By Lisa Hagen - 02/16/16 07:11 PM EST
Nevada Dem delegates may come down to luck of the draw
Iowa Democrats had their coin toss, but Nevada Dems will break caucus ties on Saturday in true Las Vegas fashion — using a deck of cards.
When Democratic caucusgoers gather throughout the state on Saturday, each precinct will have an unopened, state party-supplied deck of cards and rules on how to settle ties between Hillary ClintonHillary Rodham Clinton'Feel Bern' PAC comes under scrutiny Email story won’t end for Clinton Trump warns against Syrian refugees: 'A lot of those people are ISIS' MORE and Bernie SandersBernie Sanders'Feel Bern' PAC comes under scrutiny Email story won’t end for Clinton Dems leery of Planned Parenthood cuts spark Senate scuffle MORE.
According to a party memo issued on Feb. 8, in case of a tie, “a game of chance will decide” which candidate is awarded precinct delegates. Here’s how it works:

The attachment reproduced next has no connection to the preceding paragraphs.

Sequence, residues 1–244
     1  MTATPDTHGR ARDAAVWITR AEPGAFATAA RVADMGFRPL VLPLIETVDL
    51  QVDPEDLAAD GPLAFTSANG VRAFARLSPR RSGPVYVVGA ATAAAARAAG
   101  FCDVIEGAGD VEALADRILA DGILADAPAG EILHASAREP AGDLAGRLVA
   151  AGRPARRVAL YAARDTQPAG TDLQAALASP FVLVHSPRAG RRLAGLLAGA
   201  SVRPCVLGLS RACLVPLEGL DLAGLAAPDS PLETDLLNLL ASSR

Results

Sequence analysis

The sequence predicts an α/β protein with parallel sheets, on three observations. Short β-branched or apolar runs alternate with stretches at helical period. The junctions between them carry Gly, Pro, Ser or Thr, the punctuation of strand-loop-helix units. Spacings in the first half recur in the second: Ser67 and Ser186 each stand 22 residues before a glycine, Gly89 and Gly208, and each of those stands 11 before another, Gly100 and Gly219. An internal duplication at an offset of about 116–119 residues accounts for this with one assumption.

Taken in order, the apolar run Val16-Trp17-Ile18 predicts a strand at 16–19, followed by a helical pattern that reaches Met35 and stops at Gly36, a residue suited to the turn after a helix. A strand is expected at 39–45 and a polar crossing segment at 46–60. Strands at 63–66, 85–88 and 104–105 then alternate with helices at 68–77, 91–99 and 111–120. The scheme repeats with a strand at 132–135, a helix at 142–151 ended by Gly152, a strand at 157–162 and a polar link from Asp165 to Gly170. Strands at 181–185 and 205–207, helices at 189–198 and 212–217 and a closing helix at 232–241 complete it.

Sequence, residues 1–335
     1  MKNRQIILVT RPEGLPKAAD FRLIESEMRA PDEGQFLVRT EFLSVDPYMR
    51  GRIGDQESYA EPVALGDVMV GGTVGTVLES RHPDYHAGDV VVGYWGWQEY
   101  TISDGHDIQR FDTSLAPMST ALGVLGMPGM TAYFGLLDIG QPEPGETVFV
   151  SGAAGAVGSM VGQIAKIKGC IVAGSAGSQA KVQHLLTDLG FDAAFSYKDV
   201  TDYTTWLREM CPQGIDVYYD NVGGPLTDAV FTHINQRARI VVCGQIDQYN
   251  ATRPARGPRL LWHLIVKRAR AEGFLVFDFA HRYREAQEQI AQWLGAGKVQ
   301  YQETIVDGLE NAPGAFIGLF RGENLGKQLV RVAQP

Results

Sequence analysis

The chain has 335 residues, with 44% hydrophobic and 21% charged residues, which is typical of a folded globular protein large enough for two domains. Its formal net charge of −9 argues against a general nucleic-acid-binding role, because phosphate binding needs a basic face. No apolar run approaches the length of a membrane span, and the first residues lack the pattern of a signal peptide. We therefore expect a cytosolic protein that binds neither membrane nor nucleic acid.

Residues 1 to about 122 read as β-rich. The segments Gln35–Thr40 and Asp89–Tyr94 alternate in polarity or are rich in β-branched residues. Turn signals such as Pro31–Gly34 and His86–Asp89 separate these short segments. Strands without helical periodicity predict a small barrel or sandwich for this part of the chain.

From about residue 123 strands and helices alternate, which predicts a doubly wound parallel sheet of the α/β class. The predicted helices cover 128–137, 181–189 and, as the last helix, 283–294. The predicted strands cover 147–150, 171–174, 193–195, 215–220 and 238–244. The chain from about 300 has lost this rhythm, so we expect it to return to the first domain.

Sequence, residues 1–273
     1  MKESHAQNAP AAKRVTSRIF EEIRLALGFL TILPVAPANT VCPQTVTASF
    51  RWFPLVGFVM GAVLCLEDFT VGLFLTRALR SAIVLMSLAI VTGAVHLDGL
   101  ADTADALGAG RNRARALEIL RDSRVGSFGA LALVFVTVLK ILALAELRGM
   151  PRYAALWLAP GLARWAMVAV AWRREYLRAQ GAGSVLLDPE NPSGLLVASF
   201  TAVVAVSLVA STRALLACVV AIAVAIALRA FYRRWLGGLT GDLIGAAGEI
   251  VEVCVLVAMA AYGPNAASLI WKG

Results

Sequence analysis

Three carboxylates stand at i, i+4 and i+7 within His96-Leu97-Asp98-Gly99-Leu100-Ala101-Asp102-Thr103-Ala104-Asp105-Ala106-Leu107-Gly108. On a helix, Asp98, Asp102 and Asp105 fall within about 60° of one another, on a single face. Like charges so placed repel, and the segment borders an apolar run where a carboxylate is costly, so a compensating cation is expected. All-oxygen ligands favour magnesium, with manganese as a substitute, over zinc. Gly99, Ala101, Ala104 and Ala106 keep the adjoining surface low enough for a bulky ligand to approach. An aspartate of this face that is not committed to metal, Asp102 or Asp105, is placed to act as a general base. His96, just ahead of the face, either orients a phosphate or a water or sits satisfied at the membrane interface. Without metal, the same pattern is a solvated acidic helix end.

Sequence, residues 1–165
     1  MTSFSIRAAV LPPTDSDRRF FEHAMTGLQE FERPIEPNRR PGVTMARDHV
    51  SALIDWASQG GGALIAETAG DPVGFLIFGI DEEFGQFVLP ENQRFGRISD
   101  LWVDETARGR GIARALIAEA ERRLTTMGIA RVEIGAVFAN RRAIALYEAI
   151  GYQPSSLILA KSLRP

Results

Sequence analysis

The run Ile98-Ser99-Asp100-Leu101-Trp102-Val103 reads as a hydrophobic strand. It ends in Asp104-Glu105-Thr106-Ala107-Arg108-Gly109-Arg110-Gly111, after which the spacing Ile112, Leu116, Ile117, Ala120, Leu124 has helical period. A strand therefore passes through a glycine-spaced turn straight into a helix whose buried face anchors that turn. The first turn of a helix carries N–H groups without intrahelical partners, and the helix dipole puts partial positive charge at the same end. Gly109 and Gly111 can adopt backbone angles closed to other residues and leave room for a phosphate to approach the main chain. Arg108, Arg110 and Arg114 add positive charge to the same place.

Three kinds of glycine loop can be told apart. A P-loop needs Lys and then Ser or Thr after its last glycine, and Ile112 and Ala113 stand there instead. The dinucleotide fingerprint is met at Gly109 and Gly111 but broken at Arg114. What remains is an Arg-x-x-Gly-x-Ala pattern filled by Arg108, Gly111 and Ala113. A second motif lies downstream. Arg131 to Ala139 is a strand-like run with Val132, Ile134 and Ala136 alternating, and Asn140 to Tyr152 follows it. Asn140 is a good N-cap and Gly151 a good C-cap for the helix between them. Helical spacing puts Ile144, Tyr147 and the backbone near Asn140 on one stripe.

First, each deck must be shuffled seven times. A supporter from each group will draw a card and the highest one wins a delegate.
If each group chooses the same number or face card, the card suit will then settle who wins the tie. The suits are ranked from highest to lowest: spades, hearts, diamonds and clubs.
This wouldn’t be the first time the tie-breaking method has been used.
At least two instances of using a deck of cards were reported at precinct locations in 2008, where then-Illinois Sen. Barack ObamaBarack ObamaClinton camp: Trump's fundraising 'bragging is total bunk' Football coach Ditka: 'Happy' to speak at GOP convention but not invited Obama blames ISIS for Istanbul attack MORE won a delegate because his supporter drew a higher card than the Clinton backer.
Iowa Democrats were ridiculed earlier this month when several coin tosses determined the winner of precinct caucuses.
According to The Des Moines Register, the state party’s smartphone app reported that Sanders won six out of seven coin flips. The Register found six coin flips and that Clinton won. It’s unclear whether there’s overlap in these coin flips, but strategists say it’s unlikely they affected caucus results.